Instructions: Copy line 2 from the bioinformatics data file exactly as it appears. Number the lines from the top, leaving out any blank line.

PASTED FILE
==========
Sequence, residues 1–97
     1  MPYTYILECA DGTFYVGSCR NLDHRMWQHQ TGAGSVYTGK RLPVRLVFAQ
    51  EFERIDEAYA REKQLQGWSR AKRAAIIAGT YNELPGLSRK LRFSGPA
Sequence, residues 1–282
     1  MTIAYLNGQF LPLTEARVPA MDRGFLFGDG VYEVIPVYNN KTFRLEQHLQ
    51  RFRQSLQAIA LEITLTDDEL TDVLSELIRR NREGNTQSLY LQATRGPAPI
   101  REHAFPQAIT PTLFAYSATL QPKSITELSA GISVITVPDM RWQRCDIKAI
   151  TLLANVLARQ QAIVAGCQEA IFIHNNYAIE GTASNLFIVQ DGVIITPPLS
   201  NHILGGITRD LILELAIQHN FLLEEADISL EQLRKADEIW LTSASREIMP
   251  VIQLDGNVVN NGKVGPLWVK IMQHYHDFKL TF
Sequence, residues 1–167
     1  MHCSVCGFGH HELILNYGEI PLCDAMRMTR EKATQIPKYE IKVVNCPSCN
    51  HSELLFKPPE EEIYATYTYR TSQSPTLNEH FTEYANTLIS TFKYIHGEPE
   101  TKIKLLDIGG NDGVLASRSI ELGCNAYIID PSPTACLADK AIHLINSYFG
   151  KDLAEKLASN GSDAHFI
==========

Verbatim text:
     1  MPYTYILECA DGTFYVGSCR NLDHRMWQHQ TGAGSVYTGK RLPVRLVFAQ